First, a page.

Solaris

book

STRING CITY

Released 8 April 2019

By Graham Edwards

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It’s a tough job being a gumshoe in an inter-dimensional city full of gods, living concepts and weirder things. Good thing I’m a string-walker, able to jump between realities.

It started when I was hired to investigate an explosion at a casino. A simple heist, I thought, but it turned into a race to stop the apocalypse. So I rolled the dice, and now I’m up against the ancient Greek Titans, an inter-dimensional spider god and a mysterious creature known as the Fool. I’m going to need more than just luck to solve this one.

If I fail, all things—in all realities—could be destroyed.

Just another day in String City.

author

Graham Edwards

Graham Edwards was born in England near Glastonbury Tor and now lives in Nottingham. His formative years were spent on the UK's Jurassic Coast making disturbing movies on Super-8 film. Since then he's worked as a graphic designer and animator. He's also written and produced multimedia shows for theme parks and visitor centres. His novels include Dragoncharm and Stone & Sky.

Follow Graham on Twitter, and for more information visit the official Graham Edwards website

review

Review round-up: Talus and the Frozen King

5 years ago

Review round-up: Neolithic murder mystery with Talus and the Frozen King

We love Graham Edwards' new novel for Solaris, Talus and the Frozen King - and so do the critics! Observe...

"This book is an unexpected delight, a detective story in a setting like no other, and I recommend it unreservedly." - Crime Fiction Lover

"Talus and the Frozen King is the ideal book for mysteries lovers who want a classic murder scenario in a new setting. It’s not a rehash or a reimagining of old ideas, but one that makes use of the genre’s tropes to the best of Graham Edwards’ abilities and that makes it a worthy read." - Adventures in Sci-Fi Publishing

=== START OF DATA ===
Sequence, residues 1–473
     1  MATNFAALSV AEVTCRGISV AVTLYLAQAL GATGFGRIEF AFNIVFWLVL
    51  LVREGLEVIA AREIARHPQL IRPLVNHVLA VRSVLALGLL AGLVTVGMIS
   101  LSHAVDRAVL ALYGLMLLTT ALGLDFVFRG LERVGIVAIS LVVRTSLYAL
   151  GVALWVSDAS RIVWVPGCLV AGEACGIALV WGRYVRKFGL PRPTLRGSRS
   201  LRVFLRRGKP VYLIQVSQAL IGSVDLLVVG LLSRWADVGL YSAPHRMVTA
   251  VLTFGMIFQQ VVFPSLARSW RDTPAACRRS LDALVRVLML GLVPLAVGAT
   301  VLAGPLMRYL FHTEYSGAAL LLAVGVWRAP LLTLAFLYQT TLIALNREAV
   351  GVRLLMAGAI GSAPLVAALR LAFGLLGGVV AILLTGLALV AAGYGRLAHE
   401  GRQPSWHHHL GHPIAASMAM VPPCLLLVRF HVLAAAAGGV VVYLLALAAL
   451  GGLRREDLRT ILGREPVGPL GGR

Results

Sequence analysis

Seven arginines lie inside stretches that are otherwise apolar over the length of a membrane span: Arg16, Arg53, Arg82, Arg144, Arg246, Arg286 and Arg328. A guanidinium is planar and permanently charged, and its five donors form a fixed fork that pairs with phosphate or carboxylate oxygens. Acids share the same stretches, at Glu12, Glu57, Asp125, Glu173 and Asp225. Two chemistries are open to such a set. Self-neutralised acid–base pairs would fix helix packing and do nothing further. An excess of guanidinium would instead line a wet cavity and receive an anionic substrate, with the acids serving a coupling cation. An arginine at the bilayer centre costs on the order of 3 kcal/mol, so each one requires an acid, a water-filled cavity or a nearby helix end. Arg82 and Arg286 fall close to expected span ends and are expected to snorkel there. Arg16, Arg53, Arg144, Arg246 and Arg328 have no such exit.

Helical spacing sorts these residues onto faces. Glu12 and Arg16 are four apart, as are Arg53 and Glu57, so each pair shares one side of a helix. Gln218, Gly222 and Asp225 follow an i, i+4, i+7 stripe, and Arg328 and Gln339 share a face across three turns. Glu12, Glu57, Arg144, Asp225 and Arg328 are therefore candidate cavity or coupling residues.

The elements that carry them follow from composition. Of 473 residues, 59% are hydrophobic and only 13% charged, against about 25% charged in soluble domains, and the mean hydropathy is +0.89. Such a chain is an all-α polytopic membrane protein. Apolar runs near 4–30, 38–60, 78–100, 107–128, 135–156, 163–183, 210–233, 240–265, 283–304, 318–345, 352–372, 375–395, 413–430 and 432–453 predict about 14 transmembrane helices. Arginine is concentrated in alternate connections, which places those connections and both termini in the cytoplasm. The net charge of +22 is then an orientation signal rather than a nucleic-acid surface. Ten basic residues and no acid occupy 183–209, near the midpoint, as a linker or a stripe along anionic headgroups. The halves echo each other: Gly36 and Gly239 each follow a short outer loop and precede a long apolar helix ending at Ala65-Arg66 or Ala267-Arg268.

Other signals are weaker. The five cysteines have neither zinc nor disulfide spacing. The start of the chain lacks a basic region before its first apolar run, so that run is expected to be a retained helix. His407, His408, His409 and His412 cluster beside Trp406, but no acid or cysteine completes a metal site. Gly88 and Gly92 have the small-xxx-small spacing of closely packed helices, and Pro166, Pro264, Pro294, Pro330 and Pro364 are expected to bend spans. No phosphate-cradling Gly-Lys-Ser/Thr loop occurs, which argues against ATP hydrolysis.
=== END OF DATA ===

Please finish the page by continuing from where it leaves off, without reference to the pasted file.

"If you like historical fiction and/or interesting mysteries, give this book a try." - Sci-Fi Fan Letter

"...a pretty fast, intense mystery as shadows thicken, nothing is as it seems and men start to die all around. Combined with an ending I didn’t expect from a mystery novel that stokes the fires of my inner geek, is it a wonder I only have good things to say about this book? Highly recommended, and definitely on the shortlist for best books I’ve read this year." - Drunken Dragon Reviews

"A+ Great fun, well worth it … extremely well done and very enjoyable. Putting Sherlock Holmes and Watson into the Stone Age worked for me!" - British Fantasy Society

"There aren't a lot of books like this out there, that's for sure. While there's a strong element of fantasy in this one, at it's heart it really is a variety of your good old detective story. The prehistoric ice age setting garners huge points from me, and like I mentioned, so does our protagonist being an eccentric bard. I think both mystery and fantasy readers alike will feel right at home with this one. A very entertaining and fast read." - Bibilosanctum

“A close cousin to the writings of Conan Doyle, Christie, and Marsh… Mystery fans will look forward to Talus’s future investigations.” - Publisher’s Weekly

"This is a very entertaining book, offering something that hasn't really been done much in the detective genre. Graham Edwards tells an intriguing tale that really gets you turning pages. The setting is fresh, the world is full of mystery, and solving the "case" is not an easy task for our protagonists." - Trash Mutant

"I think what Edwards has tried to do is ambitious, how do you create a Holmesian character in a world where philosophy, science and logic are still in their infancy. How do you create the world’s first detective without it feeling like it’s Holmes and Watson in bear fur. I think the answer lies in exceptional world and character building." - Bookonaut

"Part of what makes a good mystery enjoyable are the characters because frankly, going in, the reader pretty much knows the mystery will be solved when the book is finished. In the case of Talus and the Frozen King, I thought Talus and Bran were both engaging characters who had a deep past that was hinted at from the start, but in the case of Talus, becomes only minimally clear by novel’s end." - SFFWorld